Thanks rapgenius.com

Thanks rapgenius.com

And… now we’re getting into too much info territory. Here’s a tasty early fall recipe for you, using the very dangerous crabapple (in saying “dangerous,” here, I’m referring to my theme rather than actual danger, except for the whole cyanide in the seeds thing. Just don’t eat too many of those. And keep the crab apples away from pets, mm kay?)

Crab apple

Mennonite Crab Apple Butter (serves 6)

  • About 30-40 crab apples
  • 1.5C sugar
  • 1C water
  • 1Tbsp cinnamon
  • 1tsp nutmeg
  • 1/2tsp allspice
  • 1/4tsp ground cloves

Directions: Boil apples in a pot of water, 45 minutes. Squash them (using sieve, if you like) and throw out any hard bits left – there will be a hard seed pod in each mushy apple. Here’s where I stray from the Mennonites. Throw all that good pulp and those skins into your slow cooker and add the remaining ingredients, making sure there’s enough water (about a cup) so that the slop is mobile and won’t stick to the bottom. Turn slow cooker on high and let it go for a few more hours, finally boiling off any excess water on the stove if you’re looking for a thicker butter.

Boiling butter

(Know why I used a slow cooker? Because house fires also make me crabby, and I’m not Mennonite enough to watch the pot for hours).

Results: I served the crab apple butter over pork chops,

Crab apple butter and porkand while it was like a sweet apple butter, it also had a bite to it that got into your cheeks, a bit like tannins in red wine. Pretty cool. If I had a crab apple tree, you could be sure I’d make this a tradition for every fall, and I might even learn how to can it. Smells up the whole house, in a good way. Rating: 3 Yums

Question: Let’s hear it! What makes you crabby? 

 

Luscious lychees

Great title, if I do say so myself, except that this recipe did not include a single solitary little lychee.

But let’s start on a note of congratulations! For me! I won fourth prize in The Egg Award! Yay!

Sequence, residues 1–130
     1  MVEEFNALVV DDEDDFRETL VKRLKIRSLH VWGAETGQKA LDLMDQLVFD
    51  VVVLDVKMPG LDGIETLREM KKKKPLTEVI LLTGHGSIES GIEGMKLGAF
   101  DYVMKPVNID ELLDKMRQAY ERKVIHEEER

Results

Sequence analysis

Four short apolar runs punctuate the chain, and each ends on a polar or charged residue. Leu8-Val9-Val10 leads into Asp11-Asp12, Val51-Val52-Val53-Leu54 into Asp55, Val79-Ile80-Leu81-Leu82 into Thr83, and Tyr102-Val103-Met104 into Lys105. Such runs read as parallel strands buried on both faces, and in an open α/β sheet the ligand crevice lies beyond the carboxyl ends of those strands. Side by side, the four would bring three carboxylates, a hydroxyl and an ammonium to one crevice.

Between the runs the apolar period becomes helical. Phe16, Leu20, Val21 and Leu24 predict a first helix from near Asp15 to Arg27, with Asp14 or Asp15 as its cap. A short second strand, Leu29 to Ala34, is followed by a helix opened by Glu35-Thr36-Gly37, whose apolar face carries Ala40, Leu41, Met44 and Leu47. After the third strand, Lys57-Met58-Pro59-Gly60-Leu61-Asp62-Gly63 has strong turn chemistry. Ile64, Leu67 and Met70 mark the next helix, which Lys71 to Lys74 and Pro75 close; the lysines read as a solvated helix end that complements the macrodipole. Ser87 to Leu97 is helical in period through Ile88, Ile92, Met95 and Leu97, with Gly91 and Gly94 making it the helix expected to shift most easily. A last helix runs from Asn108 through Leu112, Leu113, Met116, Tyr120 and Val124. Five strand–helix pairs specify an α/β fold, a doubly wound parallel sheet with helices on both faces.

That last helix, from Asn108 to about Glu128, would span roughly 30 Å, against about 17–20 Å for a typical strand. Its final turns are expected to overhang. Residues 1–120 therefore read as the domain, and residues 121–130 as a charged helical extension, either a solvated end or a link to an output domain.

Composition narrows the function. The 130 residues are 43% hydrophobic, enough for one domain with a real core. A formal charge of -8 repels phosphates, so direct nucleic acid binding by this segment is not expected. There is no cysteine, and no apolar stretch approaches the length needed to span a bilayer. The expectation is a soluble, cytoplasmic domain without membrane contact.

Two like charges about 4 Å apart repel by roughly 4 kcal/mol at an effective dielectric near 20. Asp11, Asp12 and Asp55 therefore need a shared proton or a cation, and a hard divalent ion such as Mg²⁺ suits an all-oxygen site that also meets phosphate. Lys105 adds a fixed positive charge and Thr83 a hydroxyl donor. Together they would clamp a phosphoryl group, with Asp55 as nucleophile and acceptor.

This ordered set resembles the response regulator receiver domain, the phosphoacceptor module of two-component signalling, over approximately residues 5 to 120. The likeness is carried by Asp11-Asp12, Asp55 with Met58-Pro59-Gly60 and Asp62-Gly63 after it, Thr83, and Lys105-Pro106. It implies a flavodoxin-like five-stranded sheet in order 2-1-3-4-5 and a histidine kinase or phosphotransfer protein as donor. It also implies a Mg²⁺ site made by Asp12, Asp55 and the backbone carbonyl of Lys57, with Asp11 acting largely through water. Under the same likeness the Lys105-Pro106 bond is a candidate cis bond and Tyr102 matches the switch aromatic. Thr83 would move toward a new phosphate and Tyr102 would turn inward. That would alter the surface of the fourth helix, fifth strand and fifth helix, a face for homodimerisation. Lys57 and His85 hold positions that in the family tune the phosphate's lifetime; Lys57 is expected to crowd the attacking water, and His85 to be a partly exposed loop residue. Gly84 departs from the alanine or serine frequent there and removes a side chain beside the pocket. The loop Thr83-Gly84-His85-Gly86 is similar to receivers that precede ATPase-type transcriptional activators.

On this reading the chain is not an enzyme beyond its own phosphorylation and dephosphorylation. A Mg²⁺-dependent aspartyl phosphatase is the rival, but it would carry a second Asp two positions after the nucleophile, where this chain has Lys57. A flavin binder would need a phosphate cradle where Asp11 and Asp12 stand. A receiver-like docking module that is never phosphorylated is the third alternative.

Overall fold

My Scottish foodie friends at http://justlovefoodleith.wordpress.com/ encouraged me to enter, and I’ve had tons of fun since the day I did (here’s the recipe in case you missed it). Congrats to Vivienne Aldred, Tony Singh, and Dani Garcia – I’ll make it my mission to try all of your recipes. Did I mention my husband has always been called “The egg man?” Legend has it when he was a kid he would only eat eggs and hotdogs. He’ll be the perfect customer for my recreations of these contestants’ eggspertise, anyway. Hey, and thanks judges and organizers! It completely freaks me out that real professionals tried my recipe and liked it! I’m already looking forward to next year’s contest.

But now, on to today’s non-lychee post. I bought a big bag of lychees

Thanks thaifood.about.com

Thanks thaifood.about.com

to experiment with a few weeks ago. We sampled a few, but then I got busy with life and had to toss them before I could figure out what to do with them. The same thing had happened a few months before, with “dragon eyes,” or longan.

Thanks bestofmalaysia.50webs.com

Thanks bestofmalaysia.50webs.com

Because learning how to prep strange foods can take a few minutes of research, procrastination can needle its way in, and then you’re not quite sure if you might poison people with your strange food because you don’t know what it looks like when it’s bad, so… there are occasional casualties. I’m sure I did great things with the time I used to procrastinate, though, don’t worry. Anyone into Downton Abbey?

I had tasted the raw longan and lychees before they met our compost bin, so I quickly learned they were similar. Longan(s?) are slightly ickier, in my opinion – more perfumy? Both kind of gave me the creeps for some reason. Too pungent. I couldn’t go beyond eating one or two. Then along came rambutans.

IMG_4815Oh, my sweet hairy redheaded Thai strangers.

IMG_4817

Rambutans are slightly larger than lychees and longans, but they’re all related – they all taste sweet with the consistency of a grape, encased in a kind of pod shell.